The surveys uncovered debris from the old Québec bridges that collapsed in 1907 and 1916, as well as a number of shipwrecks, some of which have yet to be identified. Some of the wrecks are in excellent condition, especially the Lady Grey, an old Coast Guard icebreaker that sank in 1955. It's big. It's standing upright and in good shape because it's recent and it was made of steel.
Then there is the account of the CGS Montmagny. It is yet another story of timing and coincidence. The Canadian Government Ship (CGS) Montmagny was a lighthouse-supply and buoy-tender vessel. She had an interesting history, given that she was one of the vessels that searched for bodies and wreckage from the sinking of the Titanic in 1912.
The Montmagny was sunk in September 1914 just four months after the loss of the Empress of Ireland. The Empress was struck amidships by a Norwegian coal ship in poor weather and sank very quickly in the early morning of May 29, 1914 near Pointe-au-Père. This accident claimed 1,012 lives, making it the deadliest maritime disaster in Canadian history. The Montmagny was sunk by another Norwegian coal vessel in the same kind of weather. Three adults and ten children lost their lives.
In 2010 Richard received a phone call from a colleague (Alain Franck) who is a naval historian who inquired when CHS might be surveying an area near where the Montmagny was thought to be.
His naval historian colleague also put him in contact with the filmmaker, Alain Vézina who wished to make a film documentary of the vessel. By coincidence CHS hydrographers were just about to cover the area in any case so keeping an eye out for the wreck was a target of opportunity. On November 2, 2010 Sanfaçon's hydrographers aboard the survey vessel Guillemot found the wreck of the CGS Montmagny in the south channel of the river off Isle-aux-Cranes near, ironically enough, Montmagny, Quebec.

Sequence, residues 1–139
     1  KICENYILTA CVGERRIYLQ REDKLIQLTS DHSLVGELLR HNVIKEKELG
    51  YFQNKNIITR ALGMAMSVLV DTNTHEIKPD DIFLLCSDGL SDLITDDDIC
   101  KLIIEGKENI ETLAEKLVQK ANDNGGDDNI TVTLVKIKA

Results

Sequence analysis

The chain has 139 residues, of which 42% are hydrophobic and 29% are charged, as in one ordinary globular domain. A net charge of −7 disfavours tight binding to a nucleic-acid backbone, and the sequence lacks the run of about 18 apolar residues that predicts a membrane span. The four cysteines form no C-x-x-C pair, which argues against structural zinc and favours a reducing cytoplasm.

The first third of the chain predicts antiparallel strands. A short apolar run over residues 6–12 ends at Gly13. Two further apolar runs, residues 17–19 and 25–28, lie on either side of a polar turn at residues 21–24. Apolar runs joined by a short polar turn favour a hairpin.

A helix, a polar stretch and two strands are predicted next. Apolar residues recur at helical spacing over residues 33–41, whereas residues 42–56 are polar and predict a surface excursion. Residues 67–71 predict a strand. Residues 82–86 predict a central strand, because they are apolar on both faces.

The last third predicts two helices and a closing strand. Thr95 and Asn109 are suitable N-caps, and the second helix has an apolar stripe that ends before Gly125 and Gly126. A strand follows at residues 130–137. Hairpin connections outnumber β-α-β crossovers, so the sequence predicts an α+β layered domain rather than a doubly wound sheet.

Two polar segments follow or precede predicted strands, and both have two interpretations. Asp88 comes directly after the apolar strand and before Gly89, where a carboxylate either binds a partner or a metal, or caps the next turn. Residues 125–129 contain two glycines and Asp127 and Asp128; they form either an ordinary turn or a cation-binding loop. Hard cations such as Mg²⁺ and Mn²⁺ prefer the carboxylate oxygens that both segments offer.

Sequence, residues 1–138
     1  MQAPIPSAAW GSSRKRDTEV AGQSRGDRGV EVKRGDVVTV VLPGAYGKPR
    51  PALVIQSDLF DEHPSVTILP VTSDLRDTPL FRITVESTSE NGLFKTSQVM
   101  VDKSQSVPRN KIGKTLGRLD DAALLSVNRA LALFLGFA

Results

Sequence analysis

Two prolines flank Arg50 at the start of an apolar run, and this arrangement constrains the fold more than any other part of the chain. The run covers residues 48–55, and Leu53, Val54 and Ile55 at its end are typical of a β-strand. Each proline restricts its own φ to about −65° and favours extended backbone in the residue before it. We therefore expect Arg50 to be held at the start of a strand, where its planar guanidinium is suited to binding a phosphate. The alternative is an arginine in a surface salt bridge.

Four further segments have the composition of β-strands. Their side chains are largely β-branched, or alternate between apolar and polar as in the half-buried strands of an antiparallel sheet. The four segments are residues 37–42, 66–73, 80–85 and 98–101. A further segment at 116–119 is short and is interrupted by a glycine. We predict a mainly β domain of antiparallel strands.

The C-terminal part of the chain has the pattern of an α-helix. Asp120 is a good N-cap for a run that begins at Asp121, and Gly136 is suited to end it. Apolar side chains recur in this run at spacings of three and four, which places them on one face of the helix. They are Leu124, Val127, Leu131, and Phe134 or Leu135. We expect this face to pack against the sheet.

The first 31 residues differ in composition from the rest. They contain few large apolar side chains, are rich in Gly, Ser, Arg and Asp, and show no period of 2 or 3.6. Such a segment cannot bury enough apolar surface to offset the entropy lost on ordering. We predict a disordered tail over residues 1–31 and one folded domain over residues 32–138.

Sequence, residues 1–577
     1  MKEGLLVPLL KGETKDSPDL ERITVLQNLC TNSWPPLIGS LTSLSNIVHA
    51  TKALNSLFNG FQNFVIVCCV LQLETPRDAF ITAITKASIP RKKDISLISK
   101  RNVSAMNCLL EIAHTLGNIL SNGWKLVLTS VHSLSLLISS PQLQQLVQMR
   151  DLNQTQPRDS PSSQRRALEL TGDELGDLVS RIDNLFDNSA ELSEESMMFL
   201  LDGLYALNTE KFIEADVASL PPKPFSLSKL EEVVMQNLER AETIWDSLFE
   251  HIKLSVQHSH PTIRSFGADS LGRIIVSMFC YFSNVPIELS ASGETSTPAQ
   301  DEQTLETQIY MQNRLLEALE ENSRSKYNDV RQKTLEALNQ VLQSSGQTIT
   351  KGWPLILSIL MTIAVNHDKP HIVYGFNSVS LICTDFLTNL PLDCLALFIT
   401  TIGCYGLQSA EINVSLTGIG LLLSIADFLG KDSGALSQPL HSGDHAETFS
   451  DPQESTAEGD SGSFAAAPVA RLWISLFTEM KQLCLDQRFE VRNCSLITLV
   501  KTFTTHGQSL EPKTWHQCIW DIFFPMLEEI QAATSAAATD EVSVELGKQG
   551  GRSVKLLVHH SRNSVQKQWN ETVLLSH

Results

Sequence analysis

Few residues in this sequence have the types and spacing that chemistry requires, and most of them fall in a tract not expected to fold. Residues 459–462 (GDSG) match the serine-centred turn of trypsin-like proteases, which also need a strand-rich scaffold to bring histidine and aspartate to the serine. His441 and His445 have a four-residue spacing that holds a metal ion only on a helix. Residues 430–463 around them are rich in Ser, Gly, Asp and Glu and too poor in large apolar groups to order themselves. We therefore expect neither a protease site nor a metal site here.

"Remember this," adds Sanfaçon, "behind the 30 or 40 wrecks that we have found, there are some very interesting human stories. Just as an example, some years ago we found a wreck of a boat carrying wood logs that sank in 1950. Ten mariners disappeared in that disaster. While searchers had an idea that the wreck was somewhere between Matane and Trois-Rivières on the St. Lawrence, nobody knew exactly where.
"You should have heard the phone calls that I received', says Sanfaçon, "From the family members who lost their brother or their father in that disaster. They thanked me many times. You know when someone dies, but you don't know where they died or how they died, you live always with some doubt. So when you can tell them, 'It's here. This is where they are.' They find some peace."
Finding historically significant wrecks is an interesting side benefit to the job says Sanfaçon. He calls it "the cherry on the cake." But he also puts the bigger picture in perspective. "Our work is very important because we are still discovering our territory. In order to properly manage a territory, we have to know it. And the best way to know it is to map it. So it's the basic work for all the rest that comes within the purview of DFO. How are we going to manage the fish stock? How are we going to manage the oil resources, the gas resources? You have to know the seafloor. You have to understand and know how it looks and what it's made of. The data we're collecting is the basic stuff that you need to start any project that deals with the sea."
He concludes, "Today, I'm still part of a group of people discovering new parts of the seafloor, new parts of our planet. For me, that is so exciting."
He and his team will continue to explore the region's sea floor, and undoubtedly find more mysteries of the deep in the process. Exciting indeed!